Retirement inspiration from Winston Churchill

Can you imagine being laid off from a job you really liked at age 54, followed by 10 years of career stagnation, only to get the job you had really wanted at age 65? Suppose further being laid off again at 70 after five years of outstanding performance. Then imagine being rehired one more time for the same job at 76. Wouldn't that take a lot of patience, strength and resilience?

These very events are all part of the remarkable story of Sir Winston Churchill. At age 65, his best years were still in front of him -- that's when he took over as England's Prime Minister (in May 1940) to lead Britain's war effort against Nazi Germany. He was at an age when most people today hope to hang up their hat and enjoy their remaining years in leisure.

If Churchill had retired at 65, he might have been remembered by the British of his era as one of their notable leaders but not for much more. Instead, he went on to become one of the 20th century's greatest statesmen, known globally by people of all ages. And the world might be a very different place today had he retired for good when he was 65.

But Churchill's inspiring example goes beyond just continuing to give it all you've got well after "retirement age." Churchill and his fellow Britons faced tremendous challenges and made significant sacrifices during World War II. I got to see their efforts in a recent visit to the Churchill Museum and Cabinet War Rooms in London, the wartime bunker that sheltered Churchill and his government in those years.

For 37 weeks, the German war machine pounded London and other English cities in what became known as the Blitz, strategically bombing civilian and military targets to soften up resistance for a planned invasion. Starting in September 1940, Germany's Luftwaffe bombed London from the air for 57 straight nights.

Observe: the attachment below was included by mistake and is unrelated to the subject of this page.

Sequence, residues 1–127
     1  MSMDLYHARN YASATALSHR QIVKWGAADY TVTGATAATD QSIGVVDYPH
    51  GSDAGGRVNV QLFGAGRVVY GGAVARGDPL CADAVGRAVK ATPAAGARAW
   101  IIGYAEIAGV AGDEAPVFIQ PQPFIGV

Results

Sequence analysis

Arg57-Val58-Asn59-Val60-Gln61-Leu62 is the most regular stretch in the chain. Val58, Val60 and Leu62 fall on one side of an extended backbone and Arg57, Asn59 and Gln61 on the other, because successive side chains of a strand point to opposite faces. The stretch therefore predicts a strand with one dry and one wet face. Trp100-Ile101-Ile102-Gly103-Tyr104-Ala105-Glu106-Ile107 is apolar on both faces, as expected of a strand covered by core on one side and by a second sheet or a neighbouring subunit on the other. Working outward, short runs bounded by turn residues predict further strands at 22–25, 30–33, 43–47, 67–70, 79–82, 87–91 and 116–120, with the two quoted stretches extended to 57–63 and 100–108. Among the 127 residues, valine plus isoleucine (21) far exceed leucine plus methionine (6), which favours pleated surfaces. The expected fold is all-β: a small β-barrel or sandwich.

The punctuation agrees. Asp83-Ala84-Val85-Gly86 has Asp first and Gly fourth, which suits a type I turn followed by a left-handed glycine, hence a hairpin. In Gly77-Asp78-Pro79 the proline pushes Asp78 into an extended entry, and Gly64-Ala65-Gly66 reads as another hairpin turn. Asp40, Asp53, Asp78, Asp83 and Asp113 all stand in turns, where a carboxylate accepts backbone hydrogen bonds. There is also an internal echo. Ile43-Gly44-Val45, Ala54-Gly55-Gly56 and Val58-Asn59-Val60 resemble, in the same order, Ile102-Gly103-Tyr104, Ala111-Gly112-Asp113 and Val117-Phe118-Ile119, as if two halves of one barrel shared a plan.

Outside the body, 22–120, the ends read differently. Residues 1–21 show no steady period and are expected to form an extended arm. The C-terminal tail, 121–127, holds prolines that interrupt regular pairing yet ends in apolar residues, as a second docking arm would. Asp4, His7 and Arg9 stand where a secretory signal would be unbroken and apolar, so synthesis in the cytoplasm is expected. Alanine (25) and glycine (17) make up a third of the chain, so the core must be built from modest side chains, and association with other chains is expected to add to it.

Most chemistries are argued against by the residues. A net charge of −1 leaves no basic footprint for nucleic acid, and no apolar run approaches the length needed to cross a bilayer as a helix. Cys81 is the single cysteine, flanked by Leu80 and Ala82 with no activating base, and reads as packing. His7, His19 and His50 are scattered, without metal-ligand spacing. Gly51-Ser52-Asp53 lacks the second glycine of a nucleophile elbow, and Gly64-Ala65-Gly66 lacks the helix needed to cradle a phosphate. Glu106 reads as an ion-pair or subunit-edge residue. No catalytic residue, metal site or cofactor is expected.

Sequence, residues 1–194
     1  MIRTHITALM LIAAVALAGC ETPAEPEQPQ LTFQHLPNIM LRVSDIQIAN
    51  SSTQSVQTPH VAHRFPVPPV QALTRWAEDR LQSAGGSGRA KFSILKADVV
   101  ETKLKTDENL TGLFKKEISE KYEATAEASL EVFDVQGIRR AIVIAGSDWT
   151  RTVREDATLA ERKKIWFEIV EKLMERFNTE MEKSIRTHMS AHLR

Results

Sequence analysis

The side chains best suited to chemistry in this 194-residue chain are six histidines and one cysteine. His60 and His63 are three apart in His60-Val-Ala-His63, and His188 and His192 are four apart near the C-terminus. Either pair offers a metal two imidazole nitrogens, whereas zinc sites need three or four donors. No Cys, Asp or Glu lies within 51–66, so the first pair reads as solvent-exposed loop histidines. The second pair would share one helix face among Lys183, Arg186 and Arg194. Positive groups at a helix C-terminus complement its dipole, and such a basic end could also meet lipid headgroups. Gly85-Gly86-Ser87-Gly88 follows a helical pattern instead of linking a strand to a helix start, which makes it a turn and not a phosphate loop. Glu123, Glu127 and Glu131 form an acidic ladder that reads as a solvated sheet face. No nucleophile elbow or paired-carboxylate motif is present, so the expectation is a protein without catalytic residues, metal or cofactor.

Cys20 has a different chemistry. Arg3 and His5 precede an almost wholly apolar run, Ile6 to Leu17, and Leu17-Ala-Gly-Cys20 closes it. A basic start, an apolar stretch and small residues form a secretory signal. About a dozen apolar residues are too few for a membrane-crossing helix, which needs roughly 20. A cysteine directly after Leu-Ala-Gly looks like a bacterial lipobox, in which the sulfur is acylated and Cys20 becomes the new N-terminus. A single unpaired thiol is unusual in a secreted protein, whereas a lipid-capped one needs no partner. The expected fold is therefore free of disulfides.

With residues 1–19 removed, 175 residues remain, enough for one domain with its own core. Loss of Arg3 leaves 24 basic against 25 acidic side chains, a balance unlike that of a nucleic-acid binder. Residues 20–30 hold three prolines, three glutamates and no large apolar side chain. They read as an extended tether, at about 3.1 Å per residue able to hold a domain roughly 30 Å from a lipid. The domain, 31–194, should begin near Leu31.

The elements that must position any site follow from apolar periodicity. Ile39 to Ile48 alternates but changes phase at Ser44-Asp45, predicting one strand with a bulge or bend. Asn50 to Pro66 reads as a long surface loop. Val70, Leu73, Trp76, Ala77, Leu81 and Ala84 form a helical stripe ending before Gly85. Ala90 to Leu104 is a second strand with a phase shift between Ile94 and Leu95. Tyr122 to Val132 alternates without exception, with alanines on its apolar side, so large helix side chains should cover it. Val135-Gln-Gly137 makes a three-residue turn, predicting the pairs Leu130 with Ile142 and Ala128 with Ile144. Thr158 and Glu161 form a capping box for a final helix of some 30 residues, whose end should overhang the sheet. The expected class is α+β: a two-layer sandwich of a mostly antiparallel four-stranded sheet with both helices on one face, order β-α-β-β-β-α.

And we think we face significant challenges in our retirement years. Well, if the British could bravely face up to the Germans when the prospects looked so dismal, we should be able to figure out how to make ends meet in our retirement.

During World War II, Churchill worked virtually around the clock, seven days a week for almost five years, managing a complex wartime effort. Younger military and civilian men and women had trouble keeping up.

Churchill also provides us with great examples of resilience and how to bounce back from defeats. By his mid-50s, he had held several important civilian and military positions, and he had experienced enough career victories and setbacks to satisfy -- and exhaust -- most people.

But that's when his life got really interesting.

For 10 years, from 1929 to 1939, Churchill was denied a government office, although he remained a member of Parliament. These were called his wilderness years. He rejoined the government in 1939 as First Lord of the Admiralty and became Prime Minister in 1940, leading Britain through the dark days of the war through victory in Europe.